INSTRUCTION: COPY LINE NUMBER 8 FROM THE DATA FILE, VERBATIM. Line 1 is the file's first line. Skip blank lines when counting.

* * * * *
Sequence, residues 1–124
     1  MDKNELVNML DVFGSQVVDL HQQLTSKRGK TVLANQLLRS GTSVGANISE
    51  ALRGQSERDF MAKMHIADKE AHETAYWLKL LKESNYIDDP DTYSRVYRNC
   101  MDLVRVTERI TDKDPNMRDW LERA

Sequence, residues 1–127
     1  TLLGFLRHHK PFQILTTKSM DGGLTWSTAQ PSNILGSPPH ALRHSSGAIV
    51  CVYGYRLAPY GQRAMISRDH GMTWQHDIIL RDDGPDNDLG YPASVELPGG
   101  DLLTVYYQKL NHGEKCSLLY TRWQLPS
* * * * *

   101  DLLTVYYQKL NHGEKCSLLY TRWQLPS